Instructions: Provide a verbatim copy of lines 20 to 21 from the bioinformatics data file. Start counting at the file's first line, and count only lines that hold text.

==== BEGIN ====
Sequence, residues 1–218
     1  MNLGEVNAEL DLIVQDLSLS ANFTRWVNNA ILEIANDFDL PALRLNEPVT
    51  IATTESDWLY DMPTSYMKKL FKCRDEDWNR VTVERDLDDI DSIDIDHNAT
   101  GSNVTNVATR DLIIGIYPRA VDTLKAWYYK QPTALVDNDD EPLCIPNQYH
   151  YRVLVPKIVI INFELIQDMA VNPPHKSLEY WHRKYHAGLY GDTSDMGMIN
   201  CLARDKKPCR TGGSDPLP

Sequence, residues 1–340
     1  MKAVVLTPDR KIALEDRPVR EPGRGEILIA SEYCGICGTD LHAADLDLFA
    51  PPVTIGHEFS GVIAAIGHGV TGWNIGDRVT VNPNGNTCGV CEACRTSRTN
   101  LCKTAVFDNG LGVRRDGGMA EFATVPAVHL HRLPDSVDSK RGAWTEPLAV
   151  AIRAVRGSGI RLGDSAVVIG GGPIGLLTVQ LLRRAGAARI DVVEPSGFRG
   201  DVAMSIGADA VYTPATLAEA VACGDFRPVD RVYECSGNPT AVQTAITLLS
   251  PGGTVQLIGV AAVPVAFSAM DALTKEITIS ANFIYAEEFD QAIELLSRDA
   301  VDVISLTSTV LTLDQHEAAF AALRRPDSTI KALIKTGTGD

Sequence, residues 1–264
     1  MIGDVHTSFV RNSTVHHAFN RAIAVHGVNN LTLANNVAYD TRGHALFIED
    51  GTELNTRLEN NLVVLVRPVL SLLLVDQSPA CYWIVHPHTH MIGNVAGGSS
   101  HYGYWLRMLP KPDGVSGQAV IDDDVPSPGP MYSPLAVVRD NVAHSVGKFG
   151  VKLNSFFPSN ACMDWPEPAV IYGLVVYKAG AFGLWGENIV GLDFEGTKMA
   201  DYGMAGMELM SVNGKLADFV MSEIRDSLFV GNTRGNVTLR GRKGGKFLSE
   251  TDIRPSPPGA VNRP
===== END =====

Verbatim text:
   201  DYGMAGMELM SVNGKLADFV MSEIRDSLFV GNTRGNVTLR GRKGGKFLSE
   251  TDIRPSPPGA VNRP